The purpose of wellbeing spaces is to promote wellbeing, relaxation and mindfulness as such the room is being designed with soft furnishings and calming colours that evoke comfort. We plan to have a range of different comfortable seating from sofas to armchairs to bean bags. We also want the space to be flexible so that the furnishings will be easy to move.

Two green arm chairs with a small table in front

Some possible armchairs

Within the room we will have a selection of reading materials that we hope you’ll enjoy reading. Topics will include wellbeing, Equality, Diversity and Inclusivity (EDI), fiction, graphic novels and more. We are buying books now so if you have any books you would like to recommend for the wellbeing room please contact or for EDI recommendations please contact

The RSL have some great and exciting plans but the most important aspect of this space is getting input from the MPLS and MSD community. We’d appreciate any feedback but particularly from any student or staff who are responsible for wellness. We have already reached out to some colleagues but we are eager to hear a range of viewpoints.

PLans of the RSL Wellbeing room

These are our plans for the room. There’s a sofa in the corner (c-51) arm chairs at the front (c-18) and a table for games and crafts (T-21)

We’re are particularly interested to hear of any activities or events you would like to run in the Wellbeing room or any evnets you would like the RSL to host.

So if you have any book suggestions, ideas for activities or any thoughts on the room in general contact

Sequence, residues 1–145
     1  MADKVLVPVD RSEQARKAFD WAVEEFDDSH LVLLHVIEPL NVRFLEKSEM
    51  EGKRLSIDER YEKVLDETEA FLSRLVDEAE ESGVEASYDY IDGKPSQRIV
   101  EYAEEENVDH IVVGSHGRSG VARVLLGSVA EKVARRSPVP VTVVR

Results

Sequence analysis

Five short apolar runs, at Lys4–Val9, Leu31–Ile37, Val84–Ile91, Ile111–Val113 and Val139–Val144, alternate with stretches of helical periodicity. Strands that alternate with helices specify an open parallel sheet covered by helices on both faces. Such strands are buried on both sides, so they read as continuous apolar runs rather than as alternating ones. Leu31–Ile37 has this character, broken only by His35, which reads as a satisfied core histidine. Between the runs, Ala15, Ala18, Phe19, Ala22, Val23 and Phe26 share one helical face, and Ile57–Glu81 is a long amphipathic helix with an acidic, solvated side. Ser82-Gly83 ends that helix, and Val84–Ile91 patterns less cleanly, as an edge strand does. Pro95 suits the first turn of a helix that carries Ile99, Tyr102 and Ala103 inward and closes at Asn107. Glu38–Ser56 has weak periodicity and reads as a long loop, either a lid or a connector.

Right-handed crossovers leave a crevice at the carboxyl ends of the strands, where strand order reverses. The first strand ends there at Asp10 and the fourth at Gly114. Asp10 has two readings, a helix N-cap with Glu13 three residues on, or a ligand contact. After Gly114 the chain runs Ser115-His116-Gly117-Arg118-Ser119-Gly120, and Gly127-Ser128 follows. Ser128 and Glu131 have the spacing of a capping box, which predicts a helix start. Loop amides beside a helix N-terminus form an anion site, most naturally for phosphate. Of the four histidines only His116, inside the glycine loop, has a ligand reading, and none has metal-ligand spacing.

Inclusive portraiture – our search continues

As part of its actions for supporting an inclusive culture, the Radcliffe Science Library (RSL) is working on diversifying its portraiture and creating a space where everyone feels welcome, valued, and respected when it re-opens in Summer 2023.

Silhouttes of many diverse faces layered over each other in a variety of colours.

Our list of historical names is currently lacking scientists from Black, Asian, minoritised ethnic and LGBTQ+ communities connected to science and medicine at Oxford for the library re-opening in the coming summer vacation. We recognise that it may be difficult to identify individuals because the contributions and achievements of these communities have often been ignored or unfairly marginalised. However, if you know someone, let us know. We also welcome historical names from these underrepresented communities in science and medicine outside Oxford, preferably from the UK and the Commonwealth,  

  • You find inspiring and you want to highlight.
  • Who were the first in a white dominated discipline.
  • Who were not scientists but made important contributions to research.

Please contact with your suggestions.

Help us select chairs for the new RSL

The Radcliffe Science Library refurbishment is progressing well and is on target for completion later this year, and we are now at the point of selecting furniture for the new library.

We would very much like the input of our readers on this. To this end, we have six chairs set up in the Vere Harmsworth Library that we’d like you to try. Some have arms, some have wheels, some are adjustable. Let us know what you think!

Fill in the form in the VHL or email us at

Let us know your choices by 14 April 2023.

Equality, Diversity and Inclusion (EDI) Project for the Renovated RSL: Diversifying Portraiture

The Radcliffe Science Library (RSL), part of the Bodleian Libraries at the University of Oxford, is committed to supporting an inclusive culture and being a space where everyone feels welcome, valued and respected when it re-opens in Summer 2023. As part of this action, the library is launching two events to celebrate and highlight past and present contribution to science and medicine at Oxford from a diverse community.

  1. The equality, diversity, and inclusion (EDI) writing competition for all undergraduates in science and medicine
  2. Help the RSL celebrate equality and diversity in Science and Medicine through your nominations

The results of the competition and nomination will be part of an exhibition display when the RSL re-opens for Michaelmas Term 2023.